You can get an idea of what an audiogram sounds like by clicking on these sound files:

(While these sounds were designed to be of all the same intensity, computers vary and this should not be relied upon).

An example of an audiogram in a person with normal hearing is shown in figure 3. The hearing level (HL) is quantified relative to "normal" hearing in decibels (dB), with higher numbers of dB indicating worse hearing. The dB score is not really percent loss, but neverthless 100 dB hearing loss is nearly equivalent to complete deafness for that particular frequency. A score of 0 is normal. It is possible to have scores less than 0, which indicate better than average hearing. Pure-tone average (PTA) is the average of pure tone hearing thresholds at 500, 1000, and 2000 Hz.

Hearing loss is often described in words as follows:

When there is a hearing loss, the next step is to try and determine whether the loss is caused by a sensory problem (sensorineural hearing loss) or a mechanical problem (conductive hearing loss). This distinction is made by using a bone vibrator, which bypasses the mechanical parts of the middle ear. If hearing is better using bone than air, this suggests a conductive hearing loss.

Routine audiometry, like routine eye care, is often not covered by health insurance in the United States. When audiometry is performed for specific medical reasons (for example, to follow Meniere's disease), it may be covered.

 

Tympanometry

Tympanometry for a patient with an acoustic neuroma

Tympanometry is a measure of the stiffness of the eardrum and thus evaluate middle ear function. This test can be helpful in detecting fluid in the middle ear, negative middle ear pressure, disruption of the ossicles, tympanic membrane perforation, and otosclerosis.

Tympanometry is usually done by the same device that perforrms acoustic reflex testing. Click here for more detail.

Acoustic reflex testing consists of subjecting the ear to a loud sound and determining if it causes the stapedius muscle to tighten the stapes. Acoustic reflexes are mainly useful as a crude but non-subjective method of evaluating hearing, as the stapes should tighten for a given level of perceived loudness. Acoustic reflexes can also be a sign of brainstem dysfunction.

To perform the test, a soft probe is placed into the ear canal and a small amount of pressure is applied. The instrument then measures movement of the tympanic membrane (eardrum) in responses to the pressure changes.

The result of the test is recorded in a visual output, called a tympanogram. If there is fluid in the middle ear, the tympanic membrane will not vibrate properly and the line on the tympanogram will be flat. If there is air in the middle ear (the normal condition) but the air is at a higher or lower pressure than the surrounding atmosphere, the line on the tympanogram will be shifted in position.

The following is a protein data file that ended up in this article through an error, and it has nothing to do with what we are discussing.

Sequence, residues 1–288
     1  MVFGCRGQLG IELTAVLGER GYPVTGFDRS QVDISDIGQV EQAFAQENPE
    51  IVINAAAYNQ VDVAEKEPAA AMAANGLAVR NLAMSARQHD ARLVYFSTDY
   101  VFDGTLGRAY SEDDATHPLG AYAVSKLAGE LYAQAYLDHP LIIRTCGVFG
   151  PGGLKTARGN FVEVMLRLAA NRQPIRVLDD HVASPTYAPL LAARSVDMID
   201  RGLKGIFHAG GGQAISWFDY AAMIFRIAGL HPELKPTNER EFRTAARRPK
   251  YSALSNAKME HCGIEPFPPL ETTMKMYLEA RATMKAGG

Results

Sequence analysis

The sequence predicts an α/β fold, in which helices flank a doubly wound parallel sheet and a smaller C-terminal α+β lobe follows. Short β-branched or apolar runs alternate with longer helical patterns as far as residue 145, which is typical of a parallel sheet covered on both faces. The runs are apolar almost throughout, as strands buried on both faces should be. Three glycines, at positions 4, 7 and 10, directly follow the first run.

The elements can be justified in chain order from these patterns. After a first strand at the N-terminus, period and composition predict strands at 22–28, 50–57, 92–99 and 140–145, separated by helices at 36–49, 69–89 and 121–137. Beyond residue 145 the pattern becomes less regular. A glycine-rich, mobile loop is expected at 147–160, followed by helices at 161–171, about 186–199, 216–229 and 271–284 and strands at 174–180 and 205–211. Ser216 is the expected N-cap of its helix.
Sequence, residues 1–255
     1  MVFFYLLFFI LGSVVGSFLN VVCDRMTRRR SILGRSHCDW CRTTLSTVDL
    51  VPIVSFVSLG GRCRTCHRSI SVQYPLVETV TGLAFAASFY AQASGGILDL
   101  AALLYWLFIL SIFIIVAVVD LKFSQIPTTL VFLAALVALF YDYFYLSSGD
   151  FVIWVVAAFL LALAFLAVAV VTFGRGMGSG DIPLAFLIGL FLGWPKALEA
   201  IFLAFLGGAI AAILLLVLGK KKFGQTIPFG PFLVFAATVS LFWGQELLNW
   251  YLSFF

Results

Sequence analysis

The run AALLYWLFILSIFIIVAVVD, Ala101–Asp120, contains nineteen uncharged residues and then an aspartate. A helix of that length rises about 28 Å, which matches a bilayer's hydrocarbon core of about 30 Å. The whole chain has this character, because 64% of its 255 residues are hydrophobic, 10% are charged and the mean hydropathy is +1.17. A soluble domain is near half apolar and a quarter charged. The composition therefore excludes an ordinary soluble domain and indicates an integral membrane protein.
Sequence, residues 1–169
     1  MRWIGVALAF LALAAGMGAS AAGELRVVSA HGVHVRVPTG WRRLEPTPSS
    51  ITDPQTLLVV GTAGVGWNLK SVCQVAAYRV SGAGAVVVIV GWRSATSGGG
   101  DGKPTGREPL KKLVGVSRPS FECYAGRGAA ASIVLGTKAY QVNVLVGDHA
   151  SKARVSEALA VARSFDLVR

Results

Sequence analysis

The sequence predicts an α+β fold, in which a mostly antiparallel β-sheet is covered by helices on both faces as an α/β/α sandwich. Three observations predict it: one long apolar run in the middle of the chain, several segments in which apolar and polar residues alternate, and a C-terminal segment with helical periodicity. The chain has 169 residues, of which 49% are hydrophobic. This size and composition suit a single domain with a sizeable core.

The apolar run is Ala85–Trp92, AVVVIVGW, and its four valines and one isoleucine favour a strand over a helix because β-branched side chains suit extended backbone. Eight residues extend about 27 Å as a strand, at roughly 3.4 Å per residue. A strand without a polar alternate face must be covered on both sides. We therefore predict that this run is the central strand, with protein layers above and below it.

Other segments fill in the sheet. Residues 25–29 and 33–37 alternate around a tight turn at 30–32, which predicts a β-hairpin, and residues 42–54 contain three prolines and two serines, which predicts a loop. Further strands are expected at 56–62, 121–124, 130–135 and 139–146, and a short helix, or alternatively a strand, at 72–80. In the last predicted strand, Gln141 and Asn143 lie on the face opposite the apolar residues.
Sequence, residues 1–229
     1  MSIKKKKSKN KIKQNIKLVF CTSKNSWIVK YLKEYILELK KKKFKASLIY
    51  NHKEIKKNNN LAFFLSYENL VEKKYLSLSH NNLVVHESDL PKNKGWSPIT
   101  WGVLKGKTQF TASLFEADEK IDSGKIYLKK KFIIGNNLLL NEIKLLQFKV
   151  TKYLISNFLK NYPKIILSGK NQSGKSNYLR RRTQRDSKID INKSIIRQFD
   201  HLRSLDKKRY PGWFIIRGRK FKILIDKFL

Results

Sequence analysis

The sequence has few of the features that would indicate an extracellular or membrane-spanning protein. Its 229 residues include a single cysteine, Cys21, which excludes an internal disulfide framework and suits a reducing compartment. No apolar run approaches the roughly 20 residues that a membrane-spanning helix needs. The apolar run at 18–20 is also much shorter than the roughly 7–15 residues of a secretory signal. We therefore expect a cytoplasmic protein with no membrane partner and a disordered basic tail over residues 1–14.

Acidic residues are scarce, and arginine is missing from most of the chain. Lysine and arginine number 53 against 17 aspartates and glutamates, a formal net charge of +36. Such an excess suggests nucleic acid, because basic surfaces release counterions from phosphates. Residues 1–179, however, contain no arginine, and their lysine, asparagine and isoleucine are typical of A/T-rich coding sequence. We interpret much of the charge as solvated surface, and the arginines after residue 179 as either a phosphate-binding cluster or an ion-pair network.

The pressure readings produced by tympanometry do not reflect true middle ear pressure and are subject to substantial errors, especially in persons with small mastoid sinus cavities (Cinamon and Sade, 2003).

More about tympanometry can be found here.

References:

Otoacoustic Emissions

This is a relatively new test used to assess hearing in newborns as well as being a method of determining whether the cochlea is functioning. With this test, a probe that contains both a tiny speaker and a tiny microphone is inserted into the ear canal. Quiet tones are sent from the speaker, which travel through the middle ear and stimulate the hairs in the cochlea The hairs respond by generating their own minute sounds, which are detected by the microphone. If there is a hearing loss, the hairs in the cochlea do not generate these minute sounds.

Detection of Malingering

Unfortunately, because hearing reduction can be the basis for lawsuits and compensation, exaggeration of hearing loss is not uncommon in these situations. Fortunately, there are numerous methods of measuring hearing independently of subjective responses. These include purely electrical tests such as brainstem or cortical auditory evoked responses, as well as strong psychophysical tests such as the Stenger. See this page for more.

Acknowledgments

Figures 1,3 and 4 are courtesy of Northwestern University, and were assembled by Pam Fiebig, Senior lecturer in Audiology. The remainder of the figures are copyrighted to Timothy C. Hain, MD

References

Hearing testing
Copyright April 5, 2014 , Timothy C. Hain, M.D. All rights reserved. Last saved on April 5, 2014